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In Writing for Lay and Scientific Readers, Stephen Meyer Dances at Two Weddings

David Klinghoffer
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Image source: Discovery Institute.

Return of the God Hypothesis gets a really nice review from Tom Gilson at The Stream. He calls it “ambitious, complete, yet readable.” I particularly like his point that in the book Steve Meyer speaks both to the lay reader and the scientist. That feat — dancing at two weddings, as the Yiddish proverb has it — is not easy to pull off:

Meyer lays out that increasing knowledge deftly. It’s a work for the well-read layman, and it’s immensely readable on that level, as all Meyer’s works have been. So it’s not written primarily for specialists. Still, though, you can see that in the back of his mind he’s always interacting with them, meeting them on their level and ours at the same time, with real grace and yet with considerable power. He’s studied the specialists. If they have an objection, he knows it already, and he answers it. It’s that same completeness, again.

It’s an ambitious work Meyer undertakes here. Its scope is mind-boggling. The God hypothesis seemed gone for decades, if not centuries, as far as mainstream science was concerned. Some scientists still give it nothing but ridicule. Meyer stands up against all that, with courage and with real competence.

The God hypothesis is back, back where it belongs, back where was in science’s beginnings. It’s come full circle. Completely.

If the experts “have an objection,” says Gilson, Meyer “knows it already, and he answers it.” That is true, including on the book’s new and innovative arguments from physics and cosmology which are really the key to Meyer’s case for a personal God. I’m not sure that anyone has attempted to rebut those. Read the rest at The Stream.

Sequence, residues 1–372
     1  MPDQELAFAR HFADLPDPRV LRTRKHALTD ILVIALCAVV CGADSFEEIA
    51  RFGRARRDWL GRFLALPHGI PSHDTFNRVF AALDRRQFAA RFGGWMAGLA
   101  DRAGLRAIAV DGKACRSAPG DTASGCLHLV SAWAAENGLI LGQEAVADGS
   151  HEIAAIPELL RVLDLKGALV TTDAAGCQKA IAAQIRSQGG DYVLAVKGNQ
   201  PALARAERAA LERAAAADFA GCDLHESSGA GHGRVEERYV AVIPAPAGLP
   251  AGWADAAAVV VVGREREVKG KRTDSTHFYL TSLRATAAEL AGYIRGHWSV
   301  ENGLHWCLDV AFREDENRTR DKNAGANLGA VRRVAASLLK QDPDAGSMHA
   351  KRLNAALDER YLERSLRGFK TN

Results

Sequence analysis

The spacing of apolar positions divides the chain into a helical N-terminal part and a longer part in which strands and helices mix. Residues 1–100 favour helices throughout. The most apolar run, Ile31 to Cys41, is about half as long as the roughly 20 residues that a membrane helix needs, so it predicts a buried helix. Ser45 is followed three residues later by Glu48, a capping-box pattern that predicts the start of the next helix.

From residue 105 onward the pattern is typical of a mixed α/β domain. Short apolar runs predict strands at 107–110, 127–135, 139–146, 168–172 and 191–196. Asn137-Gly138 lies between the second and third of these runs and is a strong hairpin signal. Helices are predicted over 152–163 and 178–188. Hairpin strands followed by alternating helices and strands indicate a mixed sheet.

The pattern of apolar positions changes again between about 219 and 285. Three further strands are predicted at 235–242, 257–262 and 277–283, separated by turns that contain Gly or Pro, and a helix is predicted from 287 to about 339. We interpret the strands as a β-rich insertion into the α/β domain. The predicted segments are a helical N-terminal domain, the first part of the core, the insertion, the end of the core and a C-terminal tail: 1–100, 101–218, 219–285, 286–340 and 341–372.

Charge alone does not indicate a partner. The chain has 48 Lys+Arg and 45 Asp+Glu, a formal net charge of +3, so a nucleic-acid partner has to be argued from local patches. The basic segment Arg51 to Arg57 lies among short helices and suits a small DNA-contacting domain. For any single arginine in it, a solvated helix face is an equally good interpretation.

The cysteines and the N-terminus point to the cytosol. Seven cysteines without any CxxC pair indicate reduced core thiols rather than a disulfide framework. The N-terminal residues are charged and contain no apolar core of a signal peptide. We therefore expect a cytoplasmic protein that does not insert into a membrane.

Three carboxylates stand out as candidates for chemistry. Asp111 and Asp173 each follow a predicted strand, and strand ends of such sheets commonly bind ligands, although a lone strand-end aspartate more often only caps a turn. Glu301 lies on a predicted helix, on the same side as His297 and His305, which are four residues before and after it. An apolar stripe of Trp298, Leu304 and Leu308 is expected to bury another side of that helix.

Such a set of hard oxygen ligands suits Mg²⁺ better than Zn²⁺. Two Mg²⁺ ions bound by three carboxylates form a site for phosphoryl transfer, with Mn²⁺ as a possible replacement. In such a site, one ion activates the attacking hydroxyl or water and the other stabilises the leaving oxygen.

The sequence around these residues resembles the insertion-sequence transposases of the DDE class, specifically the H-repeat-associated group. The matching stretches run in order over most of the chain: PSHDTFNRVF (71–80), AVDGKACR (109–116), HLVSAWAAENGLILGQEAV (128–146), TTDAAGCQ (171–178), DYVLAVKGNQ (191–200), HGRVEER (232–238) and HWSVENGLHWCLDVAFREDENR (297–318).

David Klinghoffer

Senior Fellow and Editor, Evolution News
David Klinghoffer is a Senior Fellow at Discovery Institute and the editor of Evolution News & Science Today, the daily voice of Discovery Institute’s Center for Science & Culture, reporting on intelligent design, evolution, and the intersection of science and culture. Klinghoffer is also the author of six books, a former senior editor and literary editor at National Review magazine, and has written for the Los Angeles Times, New York Times, Wall Street Journal, Washington Post, Seattle Times, Commentary, and other publications. Born in Santa Monica, California, he graduated from Brown University in 1987 with an A.B. magna cum laude in comparative literature and religious studies. David lives near Seattle, Washington, with his wife and children.

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cosmologyexpertslaymenphysicsReturn of the God HypothesisscientistsspecialistsStephen MeyerThe StreamTom GilsonweddingsYiddish